Teaching Opinion

Response: Teaching ‘Close Reading’ - Part Three

By Larry Ferlazzo — November 18, 2014 21 min read
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(This is the last post in a three-part series on this topic. You can see Part One here and Part Two here.)

This week’s question is:

What is “close reading,” is it important and, if so, how should I teach it?

Part One in this series featured responses from Christopher Lehman, Cris Tovani, Pernille Ripp, Jan Burkins and Kim Yaris.

Part Two’s guests were Sonja Cherry-Paul, Dana Johansen, Stephanie Harvey, Julie Goldman, Diana Sisson and Betsy Sisson.

Today, Kimberly Carraway, Katherine S. McKnight, Harvey F. Silver, Amy Benjamin, Nancy Boyles, Rita Platt -- along with readers -- share their thoughts.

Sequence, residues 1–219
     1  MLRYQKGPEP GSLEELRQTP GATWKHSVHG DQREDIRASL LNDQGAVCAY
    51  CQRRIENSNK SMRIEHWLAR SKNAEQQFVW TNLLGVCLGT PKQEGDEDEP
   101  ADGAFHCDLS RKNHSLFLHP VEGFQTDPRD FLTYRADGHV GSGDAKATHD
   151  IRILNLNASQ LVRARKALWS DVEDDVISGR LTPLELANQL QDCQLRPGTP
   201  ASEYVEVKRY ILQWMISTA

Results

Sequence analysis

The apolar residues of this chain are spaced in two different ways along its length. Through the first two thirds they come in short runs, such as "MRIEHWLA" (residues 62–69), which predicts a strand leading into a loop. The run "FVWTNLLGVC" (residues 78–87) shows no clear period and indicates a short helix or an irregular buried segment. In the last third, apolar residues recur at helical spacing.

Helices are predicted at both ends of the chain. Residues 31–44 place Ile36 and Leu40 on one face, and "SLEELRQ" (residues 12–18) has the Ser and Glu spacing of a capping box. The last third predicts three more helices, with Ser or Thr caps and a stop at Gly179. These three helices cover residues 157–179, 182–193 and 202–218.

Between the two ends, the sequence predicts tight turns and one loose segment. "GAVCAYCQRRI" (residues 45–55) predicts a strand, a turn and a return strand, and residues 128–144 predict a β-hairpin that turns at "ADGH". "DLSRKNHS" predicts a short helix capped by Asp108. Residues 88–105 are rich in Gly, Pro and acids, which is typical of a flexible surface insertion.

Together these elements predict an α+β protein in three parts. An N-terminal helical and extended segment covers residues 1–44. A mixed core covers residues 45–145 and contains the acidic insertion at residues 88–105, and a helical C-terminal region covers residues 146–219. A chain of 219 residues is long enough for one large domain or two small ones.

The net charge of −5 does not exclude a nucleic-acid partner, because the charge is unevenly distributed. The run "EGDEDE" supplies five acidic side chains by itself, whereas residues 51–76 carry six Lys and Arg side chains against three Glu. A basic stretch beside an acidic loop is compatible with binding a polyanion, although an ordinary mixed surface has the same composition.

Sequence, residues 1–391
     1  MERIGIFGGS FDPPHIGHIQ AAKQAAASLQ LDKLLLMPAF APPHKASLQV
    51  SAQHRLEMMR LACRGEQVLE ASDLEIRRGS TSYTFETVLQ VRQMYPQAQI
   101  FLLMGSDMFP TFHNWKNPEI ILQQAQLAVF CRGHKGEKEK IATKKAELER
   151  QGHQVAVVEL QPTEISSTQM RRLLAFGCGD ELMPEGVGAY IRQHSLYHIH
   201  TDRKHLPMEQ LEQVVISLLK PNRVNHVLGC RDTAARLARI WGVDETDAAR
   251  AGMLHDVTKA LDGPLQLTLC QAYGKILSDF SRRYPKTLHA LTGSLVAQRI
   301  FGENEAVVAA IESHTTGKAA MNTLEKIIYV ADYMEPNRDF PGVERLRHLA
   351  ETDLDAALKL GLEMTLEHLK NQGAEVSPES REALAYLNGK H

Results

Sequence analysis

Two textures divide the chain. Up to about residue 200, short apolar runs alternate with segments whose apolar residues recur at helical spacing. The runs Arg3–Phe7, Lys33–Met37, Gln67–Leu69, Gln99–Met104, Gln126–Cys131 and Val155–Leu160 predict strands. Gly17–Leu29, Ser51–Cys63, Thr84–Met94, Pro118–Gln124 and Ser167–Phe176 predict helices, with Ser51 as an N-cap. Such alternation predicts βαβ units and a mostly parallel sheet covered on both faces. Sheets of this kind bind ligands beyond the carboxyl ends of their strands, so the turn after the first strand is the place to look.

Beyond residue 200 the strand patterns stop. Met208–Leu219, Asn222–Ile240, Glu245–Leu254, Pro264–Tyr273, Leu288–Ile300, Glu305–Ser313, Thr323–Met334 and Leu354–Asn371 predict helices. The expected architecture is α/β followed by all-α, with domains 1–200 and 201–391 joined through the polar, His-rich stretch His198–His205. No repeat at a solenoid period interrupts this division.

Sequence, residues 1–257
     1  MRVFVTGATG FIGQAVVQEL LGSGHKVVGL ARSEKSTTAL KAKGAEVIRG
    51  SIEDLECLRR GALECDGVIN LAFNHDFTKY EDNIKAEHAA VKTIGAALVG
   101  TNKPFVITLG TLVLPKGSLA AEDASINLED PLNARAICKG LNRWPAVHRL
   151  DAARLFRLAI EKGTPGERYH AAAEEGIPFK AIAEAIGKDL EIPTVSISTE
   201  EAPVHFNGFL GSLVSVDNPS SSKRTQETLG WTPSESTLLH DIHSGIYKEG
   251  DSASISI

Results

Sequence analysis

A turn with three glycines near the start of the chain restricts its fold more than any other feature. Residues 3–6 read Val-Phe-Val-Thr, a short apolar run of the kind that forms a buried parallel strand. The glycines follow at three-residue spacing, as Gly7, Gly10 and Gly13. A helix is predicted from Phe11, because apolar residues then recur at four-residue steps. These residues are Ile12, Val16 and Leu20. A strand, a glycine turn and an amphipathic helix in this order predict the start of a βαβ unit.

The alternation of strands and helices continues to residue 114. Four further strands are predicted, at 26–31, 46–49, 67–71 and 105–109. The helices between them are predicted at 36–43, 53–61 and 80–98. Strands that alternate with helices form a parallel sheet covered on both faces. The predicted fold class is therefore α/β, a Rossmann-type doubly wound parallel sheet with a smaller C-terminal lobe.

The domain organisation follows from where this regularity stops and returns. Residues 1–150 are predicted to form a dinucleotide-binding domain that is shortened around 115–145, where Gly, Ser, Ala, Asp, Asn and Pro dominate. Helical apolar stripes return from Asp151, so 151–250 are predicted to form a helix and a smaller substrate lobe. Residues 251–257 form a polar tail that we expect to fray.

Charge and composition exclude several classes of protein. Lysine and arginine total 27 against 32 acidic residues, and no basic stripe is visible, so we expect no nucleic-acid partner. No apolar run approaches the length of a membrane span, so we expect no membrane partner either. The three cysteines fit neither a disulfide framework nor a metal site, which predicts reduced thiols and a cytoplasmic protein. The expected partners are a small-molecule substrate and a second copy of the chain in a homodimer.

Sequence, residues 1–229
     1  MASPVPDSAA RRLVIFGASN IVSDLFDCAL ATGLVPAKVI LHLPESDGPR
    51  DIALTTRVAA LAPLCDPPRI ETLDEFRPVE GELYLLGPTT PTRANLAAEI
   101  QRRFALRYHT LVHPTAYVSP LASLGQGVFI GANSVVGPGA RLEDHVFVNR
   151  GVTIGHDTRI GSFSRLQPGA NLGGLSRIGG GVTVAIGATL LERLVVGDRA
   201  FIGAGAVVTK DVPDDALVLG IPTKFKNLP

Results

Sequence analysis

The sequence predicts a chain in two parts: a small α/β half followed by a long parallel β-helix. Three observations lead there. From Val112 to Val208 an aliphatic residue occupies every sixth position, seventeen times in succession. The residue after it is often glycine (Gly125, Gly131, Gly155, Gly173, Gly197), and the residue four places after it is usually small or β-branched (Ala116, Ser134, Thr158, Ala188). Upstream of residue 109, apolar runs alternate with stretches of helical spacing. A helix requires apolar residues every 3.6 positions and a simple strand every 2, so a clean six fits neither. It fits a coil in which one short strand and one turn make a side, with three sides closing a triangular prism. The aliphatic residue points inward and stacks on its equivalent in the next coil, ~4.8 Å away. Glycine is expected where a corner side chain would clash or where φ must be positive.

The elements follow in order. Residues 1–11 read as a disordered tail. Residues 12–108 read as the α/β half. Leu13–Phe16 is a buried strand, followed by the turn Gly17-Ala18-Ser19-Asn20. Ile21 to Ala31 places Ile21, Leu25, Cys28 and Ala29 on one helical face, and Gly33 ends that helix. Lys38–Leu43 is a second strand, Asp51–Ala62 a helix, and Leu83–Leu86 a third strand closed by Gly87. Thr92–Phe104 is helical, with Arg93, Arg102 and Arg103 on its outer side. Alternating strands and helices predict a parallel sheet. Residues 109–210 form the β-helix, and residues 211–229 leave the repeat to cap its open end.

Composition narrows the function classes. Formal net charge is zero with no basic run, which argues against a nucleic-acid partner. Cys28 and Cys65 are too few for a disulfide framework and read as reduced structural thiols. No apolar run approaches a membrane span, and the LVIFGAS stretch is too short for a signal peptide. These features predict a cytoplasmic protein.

Response From Kimberly Carraway

Kimberly Carraway, EdM, is a learning specialist and educational consultant focusing on the intersection of cognitive neuroscience and educational practice. She founded The Carraway Center for Teaching and Learning in 2001. The Carraway Center works with schools, organizations, and individuals through private consulting, student workshops, parent seminars, professional development presentations, and specifically designed curriculum to help students, teachers, and parents understand how learning occurs, and to create superior educational programs and courses. She is author of Transforming Your Teaching: Practical Classroom Strategies Informed by Cognitive Neuroscience (W. W. Norton; 2014). Visit her at carrawaycenter.com: